How Long Do You Have to Report an Injury at Work?
The first thing you have to do if you have been injured at work is to report your injury to your employer. The second step is to file a workers’ compensation claim. However, you should be aware of reporting deadlines because if you miss them, you could lose your eligibility to claim benefits.
In this article, we’ll identify the timelines on how long you have to report an injury at work, how to do the reporting, and how you can use to file an HR complaint instead.
Not All Deadlines Are Created Equal: A Guide
Depending on where you are located, there are different workers’ compensation deadlines. These deadlines are effective from the day of your injury. Some states have different statutes of limitations for claims, but as a general guide, here’s a table of deadlines for all 50 states:
|State||Inform Your Employer Within:||File a Workers’ Compensation Claim Within:|
|Alabama||5 days of injury and 90 days of the accident||2 years|
|Alaska||30 days||2 years|
|California||30 days||1 year|
|Colorado||4 days||2 years|
|Connecticut||ASAP||1 year (3 years for occupational illnesses)|
|Florida||30 days||2 years|
|Georgia||30 days||1 year|
|Hawaii||ASAP||5 years (and within 2 years of manifestation of symptoms)|
|Illinois||45 days||3 years|
|Indiana||30 days||2 years|
|Iowa||90 days||2 years|
|Louisiana||30 days||1 year (up to 2 years for non-immediate onset of disability)|
|Maine||30 days||2 years|
|Maryland||10 days||2 years (1 year following discovery of occupational illness)|
|Massachusetts||ASAP||4 years from discovery or causation|
|Michigan||90 days||2 years|
|Minnesota||ASAP||6 years (or 3 years from employer filing First Report of Injury)|
|Mississippi||30 days||2 years|
|Missouri||30 days||2 years|
|Montana||30 days (1 year for occupational illnesses||1 year (or 2 years for latent injury)|
|Nevada||7 days||90 days from injury or discovery of occupational illness|
|New Hampshire||2 years||3 years|
|New Jersey||14 days||2 years|
|New Mexico||15 days||1 year from claim denial|
|New York||30 days||2 years|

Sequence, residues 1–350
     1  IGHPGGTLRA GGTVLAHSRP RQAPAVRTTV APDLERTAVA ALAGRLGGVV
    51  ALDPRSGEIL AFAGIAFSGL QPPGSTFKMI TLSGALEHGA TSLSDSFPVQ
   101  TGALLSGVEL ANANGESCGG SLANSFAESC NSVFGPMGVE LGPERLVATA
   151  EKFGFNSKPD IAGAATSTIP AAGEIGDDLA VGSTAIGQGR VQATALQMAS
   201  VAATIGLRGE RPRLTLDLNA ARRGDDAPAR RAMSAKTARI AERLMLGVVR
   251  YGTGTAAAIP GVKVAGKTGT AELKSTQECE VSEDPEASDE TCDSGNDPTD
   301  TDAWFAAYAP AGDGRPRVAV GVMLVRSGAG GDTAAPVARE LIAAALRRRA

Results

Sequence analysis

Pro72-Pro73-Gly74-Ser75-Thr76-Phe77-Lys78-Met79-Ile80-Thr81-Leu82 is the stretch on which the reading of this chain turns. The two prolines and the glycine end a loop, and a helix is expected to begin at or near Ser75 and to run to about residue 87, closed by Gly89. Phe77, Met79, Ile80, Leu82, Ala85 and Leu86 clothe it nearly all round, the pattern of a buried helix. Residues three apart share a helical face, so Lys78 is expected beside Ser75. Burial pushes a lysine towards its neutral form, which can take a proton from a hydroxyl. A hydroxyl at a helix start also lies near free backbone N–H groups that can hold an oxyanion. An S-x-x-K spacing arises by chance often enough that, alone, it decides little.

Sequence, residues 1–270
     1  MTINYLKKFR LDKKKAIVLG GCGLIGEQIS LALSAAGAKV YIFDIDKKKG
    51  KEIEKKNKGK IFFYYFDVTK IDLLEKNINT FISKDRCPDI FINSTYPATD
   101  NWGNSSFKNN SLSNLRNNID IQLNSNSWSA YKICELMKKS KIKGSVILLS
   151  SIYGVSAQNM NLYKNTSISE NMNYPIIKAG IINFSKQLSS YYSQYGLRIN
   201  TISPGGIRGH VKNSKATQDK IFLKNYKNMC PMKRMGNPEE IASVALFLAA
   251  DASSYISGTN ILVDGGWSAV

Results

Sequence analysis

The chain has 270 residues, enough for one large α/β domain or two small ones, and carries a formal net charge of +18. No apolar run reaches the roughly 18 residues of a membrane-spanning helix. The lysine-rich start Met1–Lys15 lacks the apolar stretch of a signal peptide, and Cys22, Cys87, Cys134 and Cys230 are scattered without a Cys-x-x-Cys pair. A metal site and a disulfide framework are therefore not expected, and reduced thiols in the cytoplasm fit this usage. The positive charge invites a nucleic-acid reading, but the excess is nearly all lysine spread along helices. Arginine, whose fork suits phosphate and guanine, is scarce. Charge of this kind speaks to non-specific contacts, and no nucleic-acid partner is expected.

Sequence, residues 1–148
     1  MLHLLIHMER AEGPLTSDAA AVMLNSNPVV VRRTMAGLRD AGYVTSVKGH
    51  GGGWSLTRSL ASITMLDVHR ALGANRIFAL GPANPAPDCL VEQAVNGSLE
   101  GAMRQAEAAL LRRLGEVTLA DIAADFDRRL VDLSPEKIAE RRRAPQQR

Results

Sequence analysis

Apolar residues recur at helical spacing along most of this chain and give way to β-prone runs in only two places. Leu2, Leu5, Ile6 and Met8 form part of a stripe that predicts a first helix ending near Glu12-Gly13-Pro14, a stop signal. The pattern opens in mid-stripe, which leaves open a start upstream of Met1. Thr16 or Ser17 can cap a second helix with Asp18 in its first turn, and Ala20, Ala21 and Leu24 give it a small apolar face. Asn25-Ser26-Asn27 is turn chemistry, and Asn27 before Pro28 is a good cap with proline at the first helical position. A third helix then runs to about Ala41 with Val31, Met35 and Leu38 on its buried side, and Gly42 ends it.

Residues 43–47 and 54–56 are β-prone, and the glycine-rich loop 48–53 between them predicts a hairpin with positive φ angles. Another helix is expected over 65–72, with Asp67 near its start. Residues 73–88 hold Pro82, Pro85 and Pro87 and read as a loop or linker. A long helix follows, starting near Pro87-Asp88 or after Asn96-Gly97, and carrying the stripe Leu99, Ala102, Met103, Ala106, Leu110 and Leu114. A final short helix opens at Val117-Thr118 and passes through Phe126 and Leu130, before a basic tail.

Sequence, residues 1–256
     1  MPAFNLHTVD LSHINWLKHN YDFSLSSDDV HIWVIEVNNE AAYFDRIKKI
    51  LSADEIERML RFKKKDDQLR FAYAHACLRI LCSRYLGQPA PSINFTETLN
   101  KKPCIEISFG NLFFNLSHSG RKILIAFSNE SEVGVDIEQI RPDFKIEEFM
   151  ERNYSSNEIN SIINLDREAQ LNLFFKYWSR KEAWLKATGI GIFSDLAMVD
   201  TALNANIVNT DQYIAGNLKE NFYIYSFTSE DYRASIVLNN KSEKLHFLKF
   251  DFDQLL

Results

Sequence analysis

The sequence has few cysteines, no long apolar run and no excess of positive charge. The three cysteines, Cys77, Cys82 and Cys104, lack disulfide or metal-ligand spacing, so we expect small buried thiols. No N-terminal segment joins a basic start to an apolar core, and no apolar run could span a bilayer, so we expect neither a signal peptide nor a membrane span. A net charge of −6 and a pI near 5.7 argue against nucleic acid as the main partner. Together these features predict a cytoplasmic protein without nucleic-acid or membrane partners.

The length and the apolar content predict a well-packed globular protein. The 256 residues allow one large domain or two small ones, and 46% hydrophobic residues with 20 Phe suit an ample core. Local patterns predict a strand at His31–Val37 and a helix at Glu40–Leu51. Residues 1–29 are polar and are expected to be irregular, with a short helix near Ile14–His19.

|North Carolina||30 days||2 years|
|North Dakota||7 days||1 year from injury or discovery|
|Oklahoma||30 days||1 year (or 2 years from last exposure for occupational illnesses)|
|Pennsylvania||21 days||3 years (or 300 weeks from last exposure for occupational illnesses)|
|Rhode Island||30 days||2 years|
|South Carolina||90 days||2 years from injury or discovery|
|South Dakota||3 business days||2 years|
|Tennessee||15 days||1 year|
|Texas||30 days||1 year from injury or discovery of occupational illness|
|Utah||180 days||1 year|
|Virginia||30 days||2 years|
|Washington||ASAP||1 year (or 2 years from diagnosis for occupational illnesses)|
|West Virginia||ASAP||6 months (or 3 years from discovery or last exposure for occupational illnesses)|
|Wisconsin||30 days||2 years (6 years for traumatic injuries and 12 years for occupational illnesses)|
|Wyoming||72 hours to report an injury to employer, 10 days to file Wyoming Report of Injury||1 year|
How to Report an Injury at Work
Reporting an injury at work comes in two steps: reporting to human resources and reporting a workers’ compensation injury. Your employer may have a standardized form that you can simply fill in. After that, you may need to file a benefits claim with your state’s workers’ compensation agency. To ensure your claim will be approved, make sure to include the following details:
- Specifics of the workplace accident, including date and time
- Events that occurred prior to and after the accident
- Co-workers who witnessed the accident
- Whom you reported the accident to, if you did
Employee’s Other Obligations
Your obligations as an employee don’t stop at simply reporting an injury at work. After that, you also need to:
- Go to an emergency room if you believe emergency treatment is needed
- Request your manager to take time off if your injuries are severe and impact your ability to work
- Follow up with your employer or your company’s workers’ compensation insurance provider
What Happens if You Do Not Report an Injury?
Many employees don’t report accidents or file complaints right away because they don’t notice serious injuries that require medical attention. Although employers are obligated to ensure safety at work, if an accident happens, it is your responsibility to report it. Regardless of the severity of the incident, any injury that results in bodily harm should be reported right away. A delayed response can result in problems such as:
- Your employer may refuse to provide medical treatments or benefits
- The workers’ compensation agency may question why the accident was not reported immediately
- Your private insurance provider may deny payment for treatment of injuries at work
When this happens, this may escalate into a legal battle. If you are afraid of possible repercussions or are unsure of how to proceed, report an injury at work through .
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